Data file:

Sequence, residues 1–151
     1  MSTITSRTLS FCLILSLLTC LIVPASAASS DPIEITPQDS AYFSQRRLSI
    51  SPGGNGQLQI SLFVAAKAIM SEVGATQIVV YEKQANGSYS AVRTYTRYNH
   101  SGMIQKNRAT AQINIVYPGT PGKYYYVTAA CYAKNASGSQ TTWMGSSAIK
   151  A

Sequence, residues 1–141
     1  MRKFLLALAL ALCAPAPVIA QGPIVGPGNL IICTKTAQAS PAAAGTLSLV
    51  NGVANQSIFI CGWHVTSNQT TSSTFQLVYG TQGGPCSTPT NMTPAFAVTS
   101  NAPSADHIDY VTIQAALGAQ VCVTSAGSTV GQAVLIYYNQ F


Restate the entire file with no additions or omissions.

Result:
Sequence, residues 1–151
     1  MSTITSRTLS FCLILSLLTC LIVPASAASS DPIEITPQDS AYFSQRRLSI
    51  SPGGNGQLQI SLFVAAKAIM SEVGATQIVV YEKQANGSYS AVRTYTRYNH
   101  SGMIQKNRAT AQINIVYPGT PGKYYYVTAA CYAKNASGSQ TTWMGSSAIK
   151  A

Sequence, residues 1–141
     1  MRKFLLALAL ALCAPAPVIA QGPIVGPGNL IICTKTAQAS PAAAGTLSLV
    51  NGVANQSIFI CGWHVTSNQT TSSTFQLVYG TQGGPCSTPT NMTPAFAVTS
   101  NAPSADHIDY VTIQAALGAQ VCVTSAGSTV GQAVLIYYNQ F